Estate planning is, without a doubt, a difficult task. If you have a complete, up-to-date plan in place, you may feel confident that your final wishes will be honored. However, that's not always the case. In some cases, even if you document your preferences and enable a seamless succession of wealth, if you neglect this part of efficient estate planning, your family may still be left in emotional and financial distress. The best way to avoid that is simply and openly discussing your estate plan with your family and heirs. In the rest of this article, we will go over some of the most important reasons why communicating your estate plan to your family is crucial. In addition, we will also provide you with some tips on how to have these difficult conversations.
The Upsides of Estate Planning
Before we get into reasons why communicating your estate plan to your family is crucial, we want to first focus on a slightly easier question: "why should you plan your estate?" The first reason is apparent; if you die without a will or a trust in place, your estate will be administered according to the laws of the state where you lived. However, this way doesn't always reflect your true wishes. On the other hand, by putting together a detailed estate plan, you can decide precisely how your possessions will be distributed after your passing.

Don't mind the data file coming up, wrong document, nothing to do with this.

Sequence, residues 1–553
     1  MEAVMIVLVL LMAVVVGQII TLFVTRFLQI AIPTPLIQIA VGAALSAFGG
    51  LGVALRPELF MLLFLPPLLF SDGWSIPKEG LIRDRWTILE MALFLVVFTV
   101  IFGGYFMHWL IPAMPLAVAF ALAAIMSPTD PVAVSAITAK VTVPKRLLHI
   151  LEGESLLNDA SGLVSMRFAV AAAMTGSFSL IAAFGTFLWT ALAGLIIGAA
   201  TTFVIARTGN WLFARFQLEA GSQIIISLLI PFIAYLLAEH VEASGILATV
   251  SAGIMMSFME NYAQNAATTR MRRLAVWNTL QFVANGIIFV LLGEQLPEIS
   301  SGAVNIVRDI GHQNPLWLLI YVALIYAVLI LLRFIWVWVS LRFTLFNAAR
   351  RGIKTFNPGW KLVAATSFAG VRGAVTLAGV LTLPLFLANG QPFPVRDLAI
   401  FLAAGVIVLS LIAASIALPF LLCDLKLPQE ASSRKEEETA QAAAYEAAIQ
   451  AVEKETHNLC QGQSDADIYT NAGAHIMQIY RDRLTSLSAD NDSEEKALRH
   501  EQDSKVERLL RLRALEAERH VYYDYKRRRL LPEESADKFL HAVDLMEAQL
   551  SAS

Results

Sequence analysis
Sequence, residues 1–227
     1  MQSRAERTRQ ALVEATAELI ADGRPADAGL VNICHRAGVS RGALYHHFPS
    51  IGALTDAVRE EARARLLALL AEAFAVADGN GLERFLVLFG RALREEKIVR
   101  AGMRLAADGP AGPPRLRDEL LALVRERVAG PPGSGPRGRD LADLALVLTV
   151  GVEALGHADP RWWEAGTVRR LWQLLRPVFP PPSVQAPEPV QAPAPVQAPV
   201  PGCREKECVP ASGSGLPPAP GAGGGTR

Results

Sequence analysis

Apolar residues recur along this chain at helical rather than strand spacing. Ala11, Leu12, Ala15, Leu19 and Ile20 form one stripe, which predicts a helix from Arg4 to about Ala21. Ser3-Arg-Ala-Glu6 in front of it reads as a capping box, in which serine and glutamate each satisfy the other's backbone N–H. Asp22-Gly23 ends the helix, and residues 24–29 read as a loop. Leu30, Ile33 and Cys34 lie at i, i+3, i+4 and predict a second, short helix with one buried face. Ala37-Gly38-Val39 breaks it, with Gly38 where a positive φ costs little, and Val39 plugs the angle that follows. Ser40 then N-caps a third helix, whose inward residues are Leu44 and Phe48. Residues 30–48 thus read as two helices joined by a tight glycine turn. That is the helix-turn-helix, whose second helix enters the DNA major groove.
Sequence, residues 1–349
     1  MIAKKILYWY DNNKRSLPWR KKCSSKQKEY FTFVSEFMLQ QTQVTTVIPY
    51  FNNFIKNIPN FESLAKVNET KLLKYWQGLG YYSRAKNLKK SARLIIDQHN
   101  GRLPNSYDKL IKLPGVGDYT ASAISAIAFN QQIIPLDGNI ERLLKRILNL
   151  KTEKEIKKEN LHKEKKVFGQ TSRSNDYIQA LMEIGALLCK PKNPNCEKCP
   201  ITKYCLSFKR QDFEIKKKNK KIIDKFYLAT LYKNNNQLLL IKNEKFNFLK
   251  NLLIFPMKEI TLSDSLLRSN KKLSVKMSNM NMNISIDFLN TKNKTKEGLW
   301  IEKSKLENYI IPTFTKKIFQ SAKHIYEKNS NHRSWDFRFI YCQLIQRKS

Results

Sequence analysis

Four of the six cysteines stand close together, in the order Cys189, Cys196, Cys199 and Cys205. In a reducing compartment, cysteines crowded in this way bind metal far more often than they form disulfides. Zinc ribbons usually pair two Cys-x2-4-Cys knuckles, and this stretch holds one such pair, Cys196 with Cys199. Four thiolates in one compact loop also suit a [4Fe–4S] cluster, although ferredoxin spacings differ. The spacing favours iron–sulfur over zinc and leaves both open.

Moreover, you can help your heirs with the emotional burden of making these difficult decisions by themselves. However, conflicts in the family regarding inheritance don't only happen in situations where there's no trust or will in place. Sometimes, even with a present plan, families still argue about inheritance. This is especially true if they don't understand why their late family member made their choices. While you can't control what happens after you pass, you can try to help your heirs understand your decisions by discussing your estate plan with them.
The Consequences of Not Communicating Your Estate Plan
It's not uncommon for families, especially those on the wealthier side, to avoid talking about finances and plans. Even when family heads take all the necessary retirement planning steps and set up an estate plan, they often forget to discuss it with their family. Due to the lack of communication within the family, most heirs end up inadequately prepared. This leaves them more likely to experience financial troubles and lose what they inherited.
However, even if you're not particularly wealthy, setting up an estate plan and communicating it to your family is still crucial. The conversation will provide you with an opportunity to explain your asset distribution, beneficiary treatment, and other significant decisions, as well as the reasoning behind them. As a result, will or trust contests can be reduced if not eliminated.
Communicating Your Estate Plan to Your Family: What to Discuss?